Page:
For my own right, my best friend (after my wife) is a flaming liberal. It’s the humanity (i.e. the image of God) in the other that results in treating their thoughts with respect.

  • Rock

    That’s a really good point about the difference btw the kinds of encounters. Definitely have experienced that myself.

  • dpt

    “What’s striking to me is how Ayers describes the tribal fears and hostility he meets from his particular lefty tribe for the sin …”

    Living in the Bay Area California, I can only shake my head at the rigidness and blinders that some so-called progressives live with. Of course, I have also met conservatives equally rigid towards the enemy.

  • Ted Seeber

    Dorthy Day had a similar revelation, which is why she abandoned socialism in favor of distributism.

    Real human contact adds a dimension to any human transaction that the autistic media of the internet and the free market is simply missing. Might actually *be* body language- which would explain how a face blind and body language blind Asperger’s high functioning autistic like myself is actually more likable in cyberspace than in meatspace (I’m getting better as I get older- for the first time in my life I have a position of popular power, having just been elected Grand Knight of a new Knights of Columbus Council that I personally recruited 24 out of the 32 members for).

    • Congratulations Brother Knight, and Worthy GK!

    • Congratulations, Ted!

    • Dan C

      I am loathe to permit the frame of politcal-economic thought of Dorothy Day be too hijacked. She termed her approach “anarchism” and pursued and desired what is sub-classed “anarcho-communitarianism.”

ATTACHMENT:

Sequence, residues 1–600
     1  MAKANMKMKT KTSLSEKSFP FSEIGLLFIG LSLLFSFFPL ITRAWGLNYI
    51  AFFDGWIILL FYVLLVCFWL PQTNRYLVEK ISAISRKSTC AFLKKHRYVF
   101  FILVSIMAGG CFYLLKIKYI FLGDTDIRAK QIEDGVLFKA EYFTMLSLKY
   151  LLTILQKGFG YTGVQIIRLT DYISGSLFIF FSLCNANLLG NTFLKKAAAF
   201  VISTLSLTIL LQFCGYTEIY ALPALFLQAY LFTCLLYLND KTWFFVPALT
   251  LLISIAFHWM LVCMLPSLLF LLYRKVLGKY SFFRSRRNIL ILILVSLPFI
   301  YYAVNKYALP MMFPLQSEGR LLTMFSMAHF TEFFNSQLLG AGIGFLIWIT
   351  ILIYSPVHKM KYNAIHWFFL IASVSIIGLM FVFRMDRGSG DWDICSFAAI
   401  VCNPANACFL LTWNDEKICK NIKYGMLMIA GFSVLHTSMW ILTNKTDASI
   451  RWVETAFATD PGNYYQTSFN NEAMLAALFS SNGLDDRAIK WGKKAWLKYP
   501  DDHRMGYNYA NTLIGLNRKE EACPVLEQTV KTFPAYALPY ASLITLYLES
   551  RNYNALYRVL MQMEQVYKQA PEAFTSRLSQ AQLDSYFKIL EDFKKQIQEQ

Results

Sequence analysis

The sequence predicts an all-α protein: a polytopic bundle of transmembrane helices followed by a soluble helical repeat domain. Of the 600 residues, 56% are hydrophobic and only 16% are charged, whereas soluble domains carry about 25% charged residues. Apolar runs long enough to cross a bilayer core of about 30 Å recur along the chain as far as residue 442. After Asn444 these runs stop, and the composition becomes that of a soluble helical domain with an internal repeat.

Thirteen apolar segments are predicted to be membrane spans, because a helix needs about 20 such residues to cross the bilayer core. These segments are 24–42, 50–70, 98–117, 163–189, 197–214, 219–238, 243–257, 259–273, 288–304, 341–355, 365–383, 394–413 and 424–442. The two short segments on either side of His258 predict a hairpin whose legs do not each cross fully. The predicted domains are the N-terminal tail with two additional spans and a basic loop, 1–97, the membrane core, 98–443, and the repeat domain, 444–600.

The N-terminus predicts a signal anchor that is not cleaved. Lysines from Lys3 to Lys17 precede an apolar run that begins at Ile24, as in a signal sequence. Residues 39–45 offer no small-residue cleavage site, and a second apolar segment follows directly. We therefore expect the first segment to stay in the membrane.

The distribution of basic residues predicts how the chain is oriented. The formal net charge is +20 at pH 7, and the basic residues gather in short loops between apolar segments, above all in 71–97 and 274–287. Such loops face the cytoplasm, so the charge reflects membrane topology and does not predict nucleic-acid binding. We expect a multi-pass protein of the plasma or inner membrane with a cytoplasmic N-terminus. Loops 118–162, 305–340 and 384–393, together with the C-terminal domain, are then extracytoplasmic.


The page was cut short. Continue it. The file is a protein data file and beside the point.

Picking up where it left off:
Of significance is the emphasis on “community.” Distributism, particularly in its form represented by the right wing, focuses on the family.

      While excesses of communitarian focus leads to concerns of communism, if at the local level, I remind individuals that Ayn Rand’s form of libertarianism suggests that the family (the clear central focus of distributism) forms the “selfish unit.” Distributism, again in its current and even Chestertonian formulation, has less focus on “community.”

      Day’s anarchic tendencies had sympathies to anarcho-syndicalism (with her attention to union strikes), but ultimately rest in anarcho-communitarianism, with experimental farming communes.

  • Man did not make the family, but he did invent the syndicate.

    Plus the Dumb Ox got the Immaculate Conception wrong, horribly.

    • Mark Shea

      Must everything you say be in the extreme superlative? He did not get it “horribly” wrong. He fully accepted the sinlessness of the Virgin. He simply made a bad call on how she got that way. Getting an A instead of A+ is not “horrible”.

  • Yes, everything I say is in the extreme superlative. Luckily, most stuff is awesome or extraordinary, and very little stuff sucks horribly.

    But I never have a ho-hum day!

  • Matt Talbot

    Thanks for the kind words, Mark – and would that I merited such praise!

    I know what you mean about face to face versus internet combox interaction. I have an aunt and uncle who are ranchers in rural California, and she, especially, is about as diametrically opposite of me politically as it is possible to be. They are very anti-union, and both of them read and enjoy Ann Coulter’s foamy-mouthed rantings books, while I’m very much the (old-fashioned) liberal – pro-union, pro-New-Deal and so on.

    So, when I go and visit them, we keep the conversation on areas we are likely to agree: we all like the Latin Liturgy, my uncle and I both enjoy hunting, all of us are pro-life, and so on.

    Online discourse lacks the non-verbal cues that would let you know when the point has been reached that further discourse is likely to be useless; the virtue of mercy is much harder to apply.